Monday, April 5, 2010

Džemal Bijedić University Library

[The closed stacks of the university library]

19 March, 2010

(Day 6)

We arrived at Džemal Bijedić University after a short bus ride through Mostar. These bus rides through town are when we saw most of the unrepaired war damage in Mostar and got a hint of how
severe and widespread it was in some areas. It's sobering to view, even 15 years after the fact.

We were officially greeted by two university officials. They gave a short history of the university and apologized for its modest appearance. Mirsada Behram translated for them. She is a representative of the university's Office for International Relations. We also met Edita Mulaosmanovic at this time. She is the Head of University Libraries. They guided us around the small bit of campus we saw and took us to a local cafe for lunch. Mirsada even took us to a grocery store before seeing us off.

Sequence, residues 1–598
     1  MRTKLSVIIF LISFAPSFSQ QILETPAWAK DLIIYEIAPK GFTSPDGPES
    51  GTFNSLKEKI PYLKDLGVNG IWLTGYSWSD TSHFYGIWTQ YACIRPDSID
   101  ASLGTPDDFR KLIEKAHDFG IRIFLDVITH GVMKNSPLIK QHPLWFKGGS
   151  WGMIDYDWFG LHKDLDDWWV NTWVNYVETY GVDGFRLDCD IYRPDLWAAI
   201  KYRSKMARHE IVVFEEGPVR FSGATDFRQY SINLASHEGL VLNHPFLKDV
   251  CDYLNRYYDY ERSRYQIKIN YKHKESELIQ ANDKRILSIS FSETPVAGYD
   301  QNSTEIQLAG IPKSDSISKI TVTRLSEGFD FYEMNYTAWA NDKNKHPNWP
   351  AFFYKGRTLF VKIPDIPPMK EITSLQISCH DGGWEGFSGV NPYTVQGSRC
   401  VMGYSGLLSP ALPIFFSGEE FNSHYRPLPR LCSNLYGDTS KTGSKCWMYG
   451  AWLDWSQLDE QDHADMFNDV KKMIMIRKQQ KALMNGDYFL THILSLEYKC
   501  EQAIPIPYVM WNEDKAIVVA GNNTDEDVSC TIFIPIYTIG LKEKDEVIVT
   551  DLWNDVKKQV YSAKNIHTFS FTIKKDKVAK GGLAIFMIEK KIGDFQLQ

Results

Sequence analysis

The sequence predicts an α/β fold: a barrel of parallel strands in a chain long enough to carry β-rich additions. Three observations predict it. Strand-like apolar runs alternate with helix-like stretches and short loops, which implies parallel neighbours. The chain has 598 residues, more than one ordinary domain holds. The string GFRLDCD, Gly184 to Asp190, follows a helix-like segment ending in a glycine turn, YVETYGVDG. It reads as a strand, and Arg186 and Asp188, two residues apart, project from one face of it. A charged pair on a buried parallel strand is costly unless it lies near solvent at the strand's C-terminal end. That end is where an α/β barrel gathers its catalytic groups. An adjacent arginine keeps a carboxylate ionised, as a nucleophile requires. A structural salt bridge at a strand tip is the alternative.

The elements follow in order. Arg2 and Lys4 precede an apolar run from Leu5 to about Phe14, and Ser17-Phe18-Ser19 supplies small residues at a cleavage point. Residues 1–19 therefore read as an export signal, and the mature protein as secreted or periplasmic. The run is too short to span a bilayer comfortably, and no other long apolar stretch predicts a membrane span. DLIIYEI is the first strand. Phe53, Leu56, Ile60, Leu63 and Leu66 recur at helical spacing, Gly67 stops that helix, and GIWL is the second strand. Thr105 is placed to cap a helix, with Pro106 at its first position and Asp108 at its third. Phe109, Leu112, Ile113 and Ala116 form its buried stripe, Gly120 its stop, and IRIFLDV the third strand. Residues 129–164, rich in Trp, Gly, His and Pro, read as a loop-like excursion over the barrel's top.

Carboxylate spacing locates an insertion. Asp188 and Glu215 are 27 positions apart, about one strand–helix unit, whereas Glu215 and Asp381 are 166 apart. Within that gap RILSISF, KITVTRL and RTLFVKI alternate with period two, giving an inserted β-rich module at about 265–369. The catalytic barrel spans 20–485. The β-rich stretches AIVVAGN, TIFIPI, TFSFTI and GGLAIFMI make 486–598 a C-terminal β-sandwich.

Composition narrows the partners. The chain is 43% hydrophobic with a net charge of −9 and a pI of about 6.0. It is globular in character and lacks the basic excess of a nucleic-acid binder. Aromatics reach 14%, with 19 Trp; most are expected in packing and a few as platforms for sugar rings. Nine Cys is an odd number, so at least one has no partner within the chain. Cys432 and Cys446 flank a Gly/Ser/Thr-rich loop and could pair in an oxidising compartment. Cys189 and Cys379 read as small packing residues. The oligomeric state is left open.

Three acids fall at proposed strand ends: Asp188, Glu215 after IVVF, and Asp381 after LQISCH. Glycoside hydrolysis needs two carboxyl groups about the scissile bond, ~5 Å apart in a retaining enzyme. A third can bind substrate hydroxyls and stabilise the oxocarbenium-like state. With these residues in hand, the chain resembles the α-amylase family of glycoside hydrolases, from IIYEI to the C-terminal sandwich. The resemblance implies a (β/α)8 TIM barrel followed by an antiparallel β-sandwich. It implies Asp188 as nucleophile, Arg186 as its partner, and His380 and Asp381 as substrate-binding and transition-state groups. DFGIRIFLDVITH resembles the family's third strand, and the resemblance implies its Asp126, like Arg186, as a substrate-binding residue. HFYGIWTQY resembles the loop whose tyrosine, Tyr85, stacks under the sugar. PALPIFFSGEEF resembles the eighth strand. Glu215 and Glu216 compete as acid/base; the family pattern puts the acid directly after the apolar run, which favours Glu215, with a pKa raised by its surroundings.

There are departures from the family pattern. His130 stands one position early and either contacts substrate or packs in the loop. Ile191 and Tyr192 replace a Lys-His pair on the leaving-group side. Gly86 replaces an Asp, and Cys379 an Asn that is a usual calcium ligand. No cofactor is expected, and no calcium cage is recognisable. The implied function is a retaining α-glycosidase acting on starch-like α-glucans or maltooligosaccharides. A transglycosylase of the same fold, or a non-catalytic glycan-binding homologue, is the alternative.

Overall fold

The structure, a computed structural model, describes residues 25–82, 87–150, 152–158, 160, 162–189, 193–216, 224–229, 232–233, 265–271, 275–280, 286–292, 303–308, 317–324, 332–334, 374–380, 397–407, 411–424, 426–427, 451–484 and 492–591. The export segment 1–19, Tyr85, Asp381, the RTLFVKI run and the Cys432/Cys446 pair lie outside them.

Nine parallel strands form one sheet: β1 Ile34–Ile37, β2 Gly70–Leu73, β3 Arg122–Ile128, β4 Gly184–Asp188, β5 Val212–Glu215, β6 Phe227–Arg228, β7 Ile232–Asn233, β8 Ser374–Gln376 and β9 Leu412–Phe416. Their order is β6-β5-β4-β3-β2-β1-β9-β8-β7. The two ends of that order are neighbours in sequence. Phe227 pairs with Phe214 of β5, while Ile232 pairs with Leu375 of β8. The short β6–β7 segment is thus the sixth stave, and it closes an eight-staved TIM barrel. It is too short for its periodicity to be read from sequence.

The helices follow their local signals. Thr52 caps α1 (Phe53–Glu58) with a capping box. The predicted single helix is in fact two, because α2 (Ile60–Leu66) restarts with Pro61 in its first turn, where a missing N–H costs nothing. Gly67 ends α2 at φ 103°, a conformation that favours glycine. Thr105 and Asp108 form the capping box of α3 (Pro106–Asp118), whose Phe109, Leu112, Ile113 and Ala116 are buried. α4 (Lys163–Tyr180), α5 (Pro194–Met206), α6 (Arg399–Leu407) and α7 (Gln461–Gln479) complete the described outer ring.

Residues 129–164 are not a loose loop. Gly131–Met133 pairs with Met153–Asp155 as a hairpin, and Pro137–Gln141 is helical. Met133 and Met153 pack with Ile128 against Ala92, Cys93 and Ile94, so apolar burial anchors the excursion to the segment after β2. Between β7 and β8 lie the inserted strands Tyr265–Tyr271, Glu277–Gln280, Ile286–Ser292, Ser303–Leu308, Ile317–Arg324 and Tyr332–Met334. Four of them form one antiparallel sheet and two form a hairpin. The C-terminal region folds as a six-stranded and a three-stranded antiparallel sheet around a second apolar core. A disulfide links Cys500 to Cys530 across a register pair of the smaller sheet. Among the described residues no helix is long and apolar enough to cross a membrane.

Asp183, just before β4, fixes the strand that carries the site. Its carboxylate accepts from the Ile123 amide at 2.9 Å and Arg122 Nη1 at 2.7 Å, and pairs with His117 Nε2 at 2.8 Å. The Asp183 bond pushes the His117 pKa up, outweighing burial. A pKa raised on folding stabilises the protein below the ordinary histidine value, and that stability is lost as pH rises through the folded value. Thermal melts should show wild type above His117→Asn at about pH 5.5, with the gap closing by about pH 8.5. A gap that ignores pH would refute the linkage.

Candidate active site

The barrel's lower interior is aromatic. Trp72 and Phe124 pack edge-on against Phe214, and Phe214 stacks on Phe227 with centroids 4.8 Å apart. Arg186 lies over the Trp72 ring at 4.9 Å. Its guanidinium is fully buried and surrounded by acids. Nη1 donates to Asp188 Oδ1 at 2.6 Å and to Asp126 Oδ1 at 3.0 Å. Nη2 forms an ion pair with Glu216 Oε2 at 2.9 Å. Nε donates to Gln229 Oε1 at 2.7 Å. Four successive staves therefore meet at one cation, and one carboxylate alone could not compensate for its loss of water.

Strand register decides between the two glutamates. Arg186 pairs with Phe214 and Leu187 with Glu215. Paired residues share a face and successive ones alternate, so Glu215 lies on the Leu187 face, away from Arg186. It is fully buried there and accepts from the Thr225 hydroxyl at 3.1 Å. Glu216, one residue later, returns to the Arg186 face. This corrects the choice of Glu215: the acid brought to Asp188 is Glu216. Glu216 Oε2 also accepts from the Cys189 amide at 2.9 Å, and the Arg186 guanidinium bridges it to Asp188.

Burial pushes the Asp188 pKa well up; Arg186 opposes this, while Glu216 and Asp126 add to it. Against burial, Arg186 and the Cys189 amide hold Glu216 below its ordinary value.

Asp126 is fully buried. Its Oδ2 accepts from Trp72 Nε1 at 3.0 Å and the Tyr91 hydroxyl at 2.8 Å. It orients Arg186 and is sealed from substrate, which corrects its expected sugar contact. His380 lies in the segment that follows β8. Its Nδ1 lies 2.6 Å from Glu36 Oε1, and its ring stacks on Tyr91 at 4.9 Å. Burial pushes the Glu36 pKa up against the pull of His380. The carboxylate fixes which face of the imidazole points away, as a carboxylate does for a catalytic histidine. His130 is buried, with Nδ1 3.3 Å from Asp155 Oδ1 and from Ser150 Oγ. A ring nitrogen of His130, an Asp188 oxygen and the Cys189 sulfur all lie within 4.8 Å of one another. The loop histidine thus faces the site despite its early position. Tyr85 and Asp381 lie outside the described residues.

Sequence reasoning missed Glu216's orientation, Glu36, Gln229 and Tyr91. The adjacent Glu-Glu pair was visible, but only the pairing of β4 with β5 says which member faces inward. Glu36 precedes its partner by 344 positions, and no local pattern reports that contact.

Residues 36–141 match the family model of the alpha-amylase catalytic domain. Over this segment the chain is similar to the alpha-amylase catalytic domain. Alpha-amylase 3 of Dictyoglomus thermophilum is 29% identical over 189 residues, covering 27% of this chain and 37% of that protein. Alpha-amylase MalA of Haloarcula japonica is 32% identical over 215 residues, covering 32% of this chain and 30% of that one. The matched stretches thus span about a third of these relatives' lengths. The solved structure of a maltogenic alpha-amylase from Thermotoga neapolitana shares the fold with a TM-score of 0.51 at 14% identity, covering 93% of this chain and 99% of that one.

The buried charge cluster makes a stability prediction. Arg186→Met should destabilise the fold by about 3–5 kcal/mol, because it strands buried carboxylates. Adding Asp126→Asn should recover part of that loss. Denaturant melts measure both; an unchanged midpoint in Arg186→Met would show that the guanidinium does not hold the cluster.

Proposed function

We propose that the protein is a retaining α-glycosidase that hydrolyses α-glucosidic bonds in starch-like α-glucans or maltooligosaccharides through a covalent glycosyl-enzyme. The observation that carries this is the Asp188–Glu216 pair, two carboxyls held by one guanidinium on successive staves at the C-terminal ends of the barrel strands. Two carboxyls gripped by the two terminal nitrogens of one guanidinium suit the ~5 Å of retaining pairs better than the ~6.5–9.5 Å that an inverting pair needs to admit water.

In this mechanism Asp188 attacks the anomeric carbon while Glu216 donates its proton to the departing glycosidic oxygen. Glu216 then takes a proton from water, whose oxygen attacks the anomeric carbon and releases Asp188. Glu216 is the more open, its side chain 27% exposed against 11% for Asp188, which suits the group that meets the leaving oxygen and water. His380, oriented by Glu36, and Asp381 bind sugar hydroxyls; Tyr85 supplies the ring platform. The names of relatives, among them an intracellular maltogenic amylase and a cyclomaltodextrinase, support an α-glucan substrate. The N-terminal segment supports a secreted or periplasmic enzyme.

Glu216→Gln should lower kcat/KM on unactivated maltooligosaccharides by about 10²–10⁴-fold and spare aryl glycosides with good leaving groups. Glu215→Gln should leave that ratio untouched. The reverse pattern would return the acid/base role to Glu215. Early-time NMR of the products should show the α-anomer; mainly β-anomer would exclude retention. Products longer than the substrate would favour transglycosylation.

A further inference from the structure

The library tour was wonderful. Our group split in half in order for them to accommodate our numbers. My group tour was lead by one of the librarians, Jasminka Tresnjo, and an intern "Senior Fellow" named Inga Kotlo.

All the shocking facts about 100,000 books destroyed, having to start anew in underdeveloped government property, a predominantly donated collection, a 100 square meter library, a staff of two (!)...
It goes on and on, but there was no sense of self-pity or anger in these professionals. On the contrary, they were committed and purpose-driven. They were also quietly proud of what they have accomplished with so little. I think we all took their story to heart and imagined ourselves in their position. Would we be as able to pick up the pieces and forge ahead if circumstances were similar?

This university library visit has abruptly changed our focus on memory institutions which were so tied to place. What happens when you are forced to leave? Is memory destroyed? Can it be rebuilt or replaced? How would it feel to have your library destroyed precisely because it preserves cultural identity? It still boggles my mind at times.

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